For sectoral differences in working-time arrangements please see previous question.
How important is regular shift working (as opposed to occasional shifts to cope with increased temporary demand) in your country?
Is shift-working predominantly carried out in specific sectors, and is there any tendency for it to decline (for example as a result of reducing capacity in traditional sectors) or to increase (as employers everywhere seek to make more intensive use of capital investments)?
What kinds of shift systems dominate – regular mornings, afternoon or nights or mixed patterns?
The analysis “Live and Work in Germany” conducted by Destatis shows that, from January to March 2004, 17.3 million employees (49% of all employees) worked non-standard hours, i.e. at the weekend, at night or on shifts. The study indicates that 11.9% of all employees conducted regular shift work within the period mentioned. This ratio has declined slightly from the 1991 figure of 13% (Micro census survey covering the period from February to April 1991).
The Fourth European Working Conditions Survey shows a slightly higher ratio for shift work, i.e. 15.7% of surveyed persons indicated that they worked shifts. Out of these, the majority (70.1%) worked rotating shifts and only 24.8% were on permanent shifts.
Organisation of working time
Flexibility of working time
How far do individual workers have influence over their own working time arrangements – for example over the time they start and end work?
To what extent is it possible to ‘bank’ hours or days of work – for example to work extra hours for a number of days in order to take day(s) off?
To what extent can workers determine their own work schedules - in other words, work when they like, so long as the work is delivered on time?
From an employee perspective, can a distinction be drawn between ‘positive’ flexibility concerning working time (i.e. arrangements that suit them) and ‘negative’ flexibility (arrangements that suit their employers), or are most arrangements by mutual consent?
Is there evidence that people with higher ranking, better paid jobs are more likely to have greater flexibility regarding their working time arrangements than those with lower ranking/less well paid jobs?
Are there major differences between non-manual workers and manual workers in terms of such flexibility?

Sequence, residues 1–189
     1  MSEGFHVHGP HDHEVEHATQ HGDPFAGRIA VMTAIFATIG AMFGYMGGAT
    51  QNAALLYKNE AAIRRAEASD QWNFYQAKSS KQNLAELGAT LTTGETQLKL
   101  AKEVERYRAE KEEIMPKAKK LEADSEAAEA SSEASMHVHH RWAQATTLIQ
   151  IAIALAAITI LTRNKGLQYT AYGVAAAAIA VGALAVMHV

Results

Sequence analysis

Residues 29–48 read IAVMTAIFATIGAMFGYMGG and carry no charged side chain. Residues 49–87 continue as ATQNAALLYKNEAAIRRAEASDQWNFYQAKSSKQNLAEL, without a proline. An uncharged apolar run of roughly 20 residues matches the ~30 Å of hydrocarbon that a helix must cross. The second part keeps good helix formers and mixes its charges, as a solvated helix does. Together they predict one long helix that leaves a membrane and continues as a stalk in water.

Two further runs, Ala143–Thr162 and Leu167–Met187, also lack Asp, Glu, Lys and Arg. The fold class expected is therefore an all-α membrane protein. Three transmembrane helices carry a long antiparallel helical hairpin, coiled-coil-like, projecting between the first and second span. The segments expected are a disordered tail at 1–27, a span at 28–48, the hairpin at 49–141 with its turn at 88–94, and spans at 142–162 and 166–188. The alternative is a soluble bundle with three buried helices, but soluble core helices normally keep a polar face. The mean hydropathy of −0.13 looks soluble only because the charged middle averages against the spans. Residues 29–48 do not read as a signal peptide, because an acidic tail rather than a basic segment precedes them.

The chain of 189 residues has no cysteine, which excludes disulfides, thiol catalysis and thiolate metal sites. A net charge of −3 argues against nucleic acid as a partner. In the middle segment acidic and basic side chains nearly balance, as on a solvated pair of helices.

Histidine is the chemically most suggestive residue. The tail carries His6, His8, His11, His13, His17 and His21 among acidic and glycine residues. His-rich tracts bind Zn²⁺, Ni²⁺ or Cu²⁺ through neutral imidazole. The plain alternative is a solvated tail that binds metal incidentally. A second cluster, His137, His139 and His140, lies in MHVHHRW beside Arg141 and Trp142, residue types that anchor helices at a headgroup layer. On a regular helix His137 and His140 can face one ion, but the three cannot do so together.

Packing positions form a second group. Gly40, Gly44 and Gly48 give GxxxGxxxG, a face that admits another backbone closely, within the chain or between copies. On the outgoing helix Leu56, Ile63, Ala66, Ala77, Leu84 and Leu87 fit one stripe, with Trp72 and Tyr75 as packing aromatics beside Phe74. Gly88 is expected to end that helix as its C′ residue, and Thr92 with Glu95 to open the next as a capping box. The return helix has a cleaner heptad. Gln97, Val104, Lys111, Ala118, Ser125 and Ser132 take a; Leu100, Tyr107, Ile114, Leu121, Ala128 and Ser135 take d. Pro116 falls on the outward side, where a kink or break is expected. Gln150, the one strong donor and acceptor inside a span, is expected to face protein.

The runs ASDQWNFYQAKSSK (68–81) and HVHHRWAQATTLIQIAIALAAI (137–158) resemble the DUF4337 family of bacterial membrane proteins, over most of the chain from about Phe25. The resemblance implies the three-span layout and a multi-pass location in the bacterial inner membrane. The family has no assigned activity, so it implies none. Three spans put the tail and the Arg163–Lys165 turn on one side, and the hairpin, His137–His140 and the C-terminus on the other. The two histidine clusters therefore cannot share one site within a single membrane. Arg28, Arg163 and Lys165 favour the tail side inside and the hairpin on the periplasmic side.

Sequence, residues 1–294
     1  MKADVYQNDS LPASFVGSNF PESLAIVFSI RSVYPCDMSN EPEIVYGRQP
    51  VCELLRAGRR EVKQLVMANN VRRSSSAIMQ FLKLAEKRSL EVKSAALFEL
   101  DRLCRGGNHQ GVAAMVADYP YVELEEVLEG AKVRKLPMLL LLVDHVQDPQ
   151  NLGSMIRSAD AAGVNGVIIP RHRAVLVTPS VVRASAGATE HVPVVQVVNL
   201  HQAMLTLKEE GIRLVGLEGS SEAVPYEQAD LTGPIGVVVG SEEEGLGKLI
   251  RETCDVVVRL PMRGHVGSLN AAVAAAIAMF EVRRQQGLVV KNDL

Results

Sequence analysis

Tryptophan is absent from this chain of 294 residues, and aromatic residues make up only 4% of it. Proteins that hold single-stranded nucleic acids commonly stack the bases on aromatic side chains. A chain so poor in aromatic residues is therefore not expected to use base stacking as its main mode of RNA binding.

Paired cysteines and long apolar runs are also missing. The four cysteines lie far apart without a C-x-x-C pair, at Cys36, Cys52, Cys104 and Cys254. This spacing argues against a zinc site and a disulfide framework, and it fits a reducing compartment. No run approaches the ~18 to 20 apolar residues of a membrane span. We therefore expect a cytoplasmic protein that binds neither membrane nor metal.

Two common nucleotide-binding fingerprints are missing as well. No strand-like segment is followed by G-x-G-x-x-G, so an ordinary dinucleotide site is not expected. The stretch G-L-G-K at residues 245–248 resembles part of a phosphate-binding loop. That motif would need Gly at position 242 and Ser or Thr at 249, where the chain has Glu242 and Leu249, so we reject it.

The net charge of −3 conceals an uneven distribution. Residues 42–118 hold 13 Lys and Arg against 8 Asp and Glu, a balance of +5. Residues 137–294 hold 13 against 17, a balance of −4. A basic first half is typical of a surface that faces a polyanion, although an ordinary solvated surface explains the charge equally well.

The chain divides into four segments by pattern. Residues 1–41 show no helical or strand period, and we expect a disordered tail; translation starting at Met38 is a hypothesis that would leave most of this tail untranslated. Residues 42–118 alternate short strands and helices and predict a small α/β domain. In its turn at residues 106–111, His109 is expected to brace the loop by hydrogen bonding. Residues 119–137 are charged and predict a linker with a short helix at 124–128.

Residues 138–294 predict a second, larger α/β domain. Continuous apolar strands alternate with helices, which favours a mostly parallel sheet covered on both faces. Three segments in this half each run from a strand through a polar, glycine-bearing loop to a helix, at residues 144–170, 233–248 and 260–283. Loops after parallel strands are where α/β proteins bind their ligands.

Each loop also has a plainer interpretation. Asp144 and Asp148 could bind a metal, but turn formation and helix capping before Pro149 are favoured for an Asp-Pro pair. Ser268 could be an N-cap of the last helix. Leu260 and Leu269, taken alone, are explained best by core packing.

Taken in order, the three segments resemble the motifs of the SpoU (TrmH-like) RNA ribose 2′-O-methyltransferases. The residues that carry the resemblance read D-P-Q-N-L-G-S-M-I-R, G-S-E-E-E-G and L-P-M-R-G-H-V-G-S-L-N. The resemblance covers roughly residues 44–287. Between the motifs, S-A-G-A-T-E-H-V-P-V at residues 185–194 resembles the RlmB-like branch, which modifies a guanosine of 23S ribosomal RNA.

Are there major differences between public sector and private sector workers in terms of such flexibility?
Are any major gender differences – for example, are men and women seen to be subject to more or less ‘positive’ or ‘negative’ flexibility?
For 2004, data from the EU Labour Force Survey clearly indicate that only a minority of individual workers determined their own work schedule. More specifically, only 1.8% of all female and 2.4% of all male employees’ work schedules can be considered to be completely self-determined. The dataset, furthermore, shows that 50.5% of female employees as well as 45.3% of male employees’ working days commenced and ended at fixed hours. The ratios for employees who could commence and end their working days at variable times were much lower (women: 4.9%, men: 4.7%).
However, a greater proportion of employees were covered by schemes that enable them to bank working hours or even days. That means that 18.7% of male employees banked working hours (working days: 21.3%) in 2004. In comparison, 18% or 17.5% of the female employees banked working hours or working days in the same year.
However, employees can only use flexible working-time arrangements if their company or establishment offer such schemes. In this context, it should be noted that the implementation of flexible working-time arrangements varies greatly between different industries as a survey by the Association of German Chambers of Industry and Commerce (Deutscher Industrie- und Handelskammertag, DIHK) shows. The survey focused on flexible working-time arrangements in companies in 2004. More than 20,000 companies responded.
Nearly two thirds of the surveyed companies indicated that they had flexible working-time arrangements. About 40% of all companies provided flexible weekly working hours; this meant that flexible weekly working hours were the most popular instrument. Latter instrument had above-average ratios in the insurance sector (50%), the hotel and restaurant industry (47%) as well as the retail industry (43%).